In the race for the 5th District at-large seat on the Kansas City Council, The Star Editorial Board endorses incumbent councilman Lee Barnes Jr., an engineer, small business owner and former school board member, ahead of Tuesday’s election.
His opponent in the race is Dwayne Williams, president and CEO of the Twelfth Street Heritage Development Corporation, which builds and rehabs homes in the urban core. Williams also started a mentoring program, Mentor KC, as well as the Prison-to-Workforce Pipeline. He helped bring the Miss Black America pageant to Kansas City last year.
If he’s re-elected, Barnes says he’ll continue to work on “tackling infrastructure” needs that, as he acknowledged in an interview, “have been around since I ran before.” And long before that.
So what will change in the next four years? Two years ago, voters did approve an $800 million capital improvements program funded by issuing general obligation bonds, and the impact of those investments will be felt over time, Barnes says. Though it’s still not enough, “We’ll put more money out of the ‘GO’ bonds into dealing with roads and streets” in the next four years.
In response to email questions asked of all the City Council candidates, Barnes expanded on that, writing that, “By coordinating and maximizing new resources, such as opportunity zone funding and Central City Sales Tax dollars, in addition to ‘GO’ Bond funds and PIAC dollars, we can equitably repair infrastructure. It’s going to take all of us, remaining focused for a long period of time, to make our city one that supports a quality of life for our families, and helps businesses to grow.”
Barnes also wants to work on funding much-needed affordable housing. And he rejects the criticism that he hasn’t held the line on tax abatements and other incentives.
BEHIND OUR REPORTING
Who decides the endorsements?
Members of The Kansas City Star editorial board interview political candidates, as well as advocates and opponents of ballot measures. The editorial board is comprised of experienced opinion journalists and is separate from The Star’s newsroom. Members of The Star editorial board are: Star publisher Tony Berg, Colleen McCain Nelson, Derek Donovan, Dave Helling, Melinda Henneberger, Toriano Porter and Michael Ryan. Read more by clicking the arrow in the upper right.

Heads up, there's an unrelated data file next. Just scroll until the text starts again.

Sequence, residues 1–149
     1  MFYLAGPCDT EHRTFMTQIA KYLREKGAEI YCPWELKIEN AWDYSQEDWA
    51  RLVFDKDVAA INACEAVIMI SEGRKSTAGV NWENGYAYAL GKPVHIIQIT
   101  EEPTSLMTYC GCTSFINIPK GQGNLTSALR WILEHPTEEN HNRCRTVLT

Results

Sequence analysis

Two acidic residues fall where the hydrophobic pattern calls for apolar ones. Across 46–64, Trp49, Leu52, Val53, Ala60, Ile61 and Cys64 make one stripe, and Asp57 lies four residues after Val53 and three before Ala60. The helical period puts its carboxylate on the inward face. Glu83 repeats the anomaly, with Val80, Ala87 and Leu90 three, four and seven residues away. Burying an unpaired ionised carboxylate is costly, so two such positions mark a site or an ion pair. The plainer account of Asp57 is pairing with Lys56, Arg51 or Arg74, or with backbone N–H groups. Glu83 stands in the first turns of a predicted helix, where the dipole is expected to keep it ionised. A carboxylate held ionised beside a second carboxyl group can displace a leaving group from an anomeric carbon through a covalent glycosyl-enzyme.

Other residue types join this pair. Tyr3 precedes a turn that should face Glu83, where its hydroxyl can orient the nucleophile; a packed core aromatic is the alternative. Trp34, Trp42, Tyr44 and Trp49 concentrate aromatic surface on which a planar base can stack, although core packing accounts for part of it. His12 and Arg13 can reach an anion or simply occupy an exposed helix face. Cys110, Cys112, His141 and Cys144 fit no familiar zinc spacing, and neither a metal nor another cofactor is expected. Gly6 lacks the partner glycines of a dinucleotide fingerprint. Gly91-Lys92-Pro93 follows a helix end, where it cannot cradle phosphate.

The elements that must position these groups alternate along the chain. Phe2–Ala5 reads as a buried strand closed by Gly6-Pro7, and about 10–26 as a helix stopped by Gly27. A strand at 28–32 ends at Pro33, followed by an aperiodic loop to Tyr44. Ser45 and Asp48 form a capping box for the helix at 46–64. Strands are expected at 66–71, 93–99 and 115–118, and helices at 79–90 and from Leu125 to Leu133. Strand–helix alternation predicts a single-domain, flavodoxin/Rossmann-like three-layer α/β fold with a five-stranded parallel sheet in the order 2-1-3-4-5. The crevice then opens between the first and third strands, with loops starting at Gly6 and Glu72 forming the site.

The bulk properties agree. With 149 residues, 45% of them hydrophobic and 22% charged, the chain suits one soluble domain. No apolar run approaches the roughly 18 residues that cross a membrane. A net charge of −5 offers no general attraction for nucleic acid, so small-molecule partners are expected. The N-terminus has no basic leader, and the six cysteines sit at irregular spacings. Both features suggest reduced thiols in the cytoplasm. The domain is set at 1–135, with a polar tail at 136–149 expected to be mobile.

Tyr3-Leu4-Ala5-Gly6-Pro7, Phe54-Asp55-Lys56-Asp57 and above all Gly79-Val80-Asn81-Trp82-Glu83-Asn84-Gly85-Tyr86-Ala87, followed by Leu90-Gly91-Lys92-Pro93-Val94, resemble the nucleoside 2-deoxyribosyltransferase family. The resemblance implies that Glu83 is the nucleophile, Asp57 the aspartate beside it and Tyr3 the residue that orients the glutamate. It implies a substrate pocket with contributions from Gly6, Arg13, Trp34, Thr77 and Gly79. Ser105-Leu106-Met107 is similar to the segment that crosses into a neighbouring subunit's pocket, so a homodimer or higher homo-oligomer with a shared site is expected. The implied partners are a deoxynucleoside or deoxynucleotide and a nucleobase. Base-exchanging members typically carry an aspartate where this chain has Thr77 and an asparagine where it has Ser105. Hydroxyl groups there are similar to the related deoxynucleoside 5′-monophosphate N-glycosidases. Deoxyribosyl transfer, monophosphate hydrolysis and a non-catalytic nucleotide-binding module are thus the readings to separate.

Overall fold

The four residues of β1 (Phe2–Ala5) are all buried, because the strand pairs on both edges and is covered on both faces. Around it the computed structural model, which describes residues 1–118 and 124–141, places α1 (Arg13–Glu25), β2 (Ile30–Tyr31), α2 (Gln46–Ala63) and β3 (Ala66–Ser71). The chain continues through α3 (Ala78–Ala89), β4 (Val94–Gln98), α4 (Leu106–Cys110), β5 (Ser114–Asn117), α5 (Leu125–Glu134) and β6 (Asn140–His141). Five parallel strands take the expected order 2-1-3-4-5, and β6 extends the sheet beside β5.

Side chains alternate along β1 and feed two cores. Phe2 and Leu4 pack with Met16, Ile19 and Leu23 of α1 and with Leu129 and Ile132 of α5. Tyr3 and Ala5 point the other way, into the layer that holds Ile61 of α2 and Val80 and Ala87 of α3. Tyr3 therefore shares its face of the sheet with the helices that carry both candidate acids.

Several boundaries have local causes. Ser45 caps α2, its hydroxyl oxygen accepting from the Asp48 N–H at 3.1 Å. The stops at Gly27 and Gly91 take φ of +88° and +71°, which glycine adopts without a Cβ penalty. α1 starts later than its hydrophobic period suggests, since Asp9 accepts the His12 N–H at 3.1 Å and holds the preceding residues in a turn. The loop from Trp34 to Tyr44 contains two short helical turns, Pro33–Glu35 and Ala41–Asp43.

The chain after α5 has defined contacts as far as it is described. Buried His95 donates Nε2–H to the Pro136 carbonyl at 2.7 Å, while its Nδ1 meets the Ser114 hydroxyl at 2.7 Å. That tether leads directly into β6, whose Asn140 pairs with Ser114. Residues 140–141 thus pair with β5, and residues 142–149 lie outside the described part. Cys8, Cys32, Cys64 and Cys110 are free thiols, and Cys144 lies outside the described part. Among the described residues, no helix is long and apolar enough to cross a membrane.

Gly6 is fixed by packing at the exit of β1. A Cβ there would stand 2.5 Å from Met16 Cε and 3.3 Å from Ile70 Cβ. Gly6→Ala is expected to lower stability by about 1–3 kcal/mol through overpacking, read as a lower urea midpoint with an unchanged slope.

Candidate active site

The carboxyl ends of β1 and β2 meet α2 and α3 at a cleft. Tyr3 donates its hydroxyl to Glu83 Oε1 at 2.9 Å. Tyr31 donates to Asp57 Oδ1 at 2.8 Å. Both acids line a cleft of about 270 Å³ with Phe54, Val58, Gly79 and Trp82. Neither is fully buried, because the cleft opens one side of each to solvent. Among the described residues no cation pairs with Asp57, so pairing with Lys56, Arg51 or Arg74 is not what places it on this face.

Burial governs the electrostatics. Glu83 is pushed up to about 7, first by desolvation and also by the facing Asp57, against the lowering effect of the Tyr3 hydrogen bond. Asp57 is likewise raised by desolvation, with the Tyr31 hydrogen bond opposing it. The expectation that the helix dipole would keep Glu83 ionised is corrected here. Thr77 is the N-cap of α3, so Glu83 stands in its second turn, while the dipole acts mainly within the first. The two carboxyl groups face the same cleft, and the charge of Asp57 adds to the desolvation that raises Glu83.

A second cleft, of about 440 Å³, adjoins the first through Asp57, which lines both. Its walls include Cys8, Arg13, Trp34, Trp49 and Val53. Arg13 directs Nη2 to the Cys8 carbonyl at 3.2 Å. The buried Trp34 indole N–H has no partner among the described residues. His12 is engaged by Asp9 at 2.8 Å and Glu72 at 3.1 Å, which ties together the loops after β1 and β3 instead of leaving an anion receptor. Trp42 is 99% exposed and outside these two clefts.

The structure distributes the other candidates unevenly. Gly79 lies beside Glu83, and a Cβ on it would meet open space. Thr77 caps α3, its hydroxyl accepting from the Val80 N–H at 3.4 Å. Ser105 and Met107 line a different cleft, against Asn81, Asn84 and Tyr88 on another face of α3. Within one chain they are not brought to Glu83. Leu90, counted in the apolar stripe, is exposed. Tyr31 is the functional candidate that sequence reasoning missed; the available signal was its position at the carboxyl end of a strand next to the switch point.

What does the endorsement process entail?
The Star editorial board meets with political candidates. The interviews are largely focused on public policy, and each lasts about an hour. Board members do additional reporting and research to learn as much as possible about the candidates. The editorial board then convenes to discuss the candidates in each race. Board members seek to reach a consensus on the endorsements, but not every decision is unanimous.
Is the editorial board partisan?
No. In making endorsements, members of the editorial board consider which candidates are well prepared to represent their constituents — not whether they agree with us or belong to a particular political party. We evaluate candidates’ relevant experience, their readiness for office, their depth of knowledge of key issues and their understanding of public policy. We’re seeking candidates who are thoughtful and who offer more than just party-line talking points. The editorial board will endorse both Republicans and Democrats. We make recommendations about who the best-qualified candidates for these jobs are.
Why are endorsements unsigned?
Endorsements reflect the collective views of The Star’s editorial board — not just the opinion of one writer. Board members all discuss and contribute ideas to each endorsement editorial.
Mayoral candidate Quinton Lucas did have Barnes’ help on the 75 percent cap on incentives approved by the council, he said, which was a step in the right direction to rein in overly generous tax breaks.
Barnes told voters in The Star’s candidate questionnaire: “I’ve always done my best to be part of Kansas City, and to put the people first.” And in everything he’s done, he wrote, “I have been accountable equally to every Kansas Citian, regardless of neighborhood.”
While Williams has done laudable work in the community, he lacks the depth of knowledge of policy issues needed to immediately be effective on the council. Barnes, who was elected to the council in 2015, is better prepared to serve on day one, and he has a clear vision of the urgent issues he must tackle in his next term.
The Star is partnering with the nonprofit Verify More on candidate background checks, and you can see the results of that screening process at verifymore.org.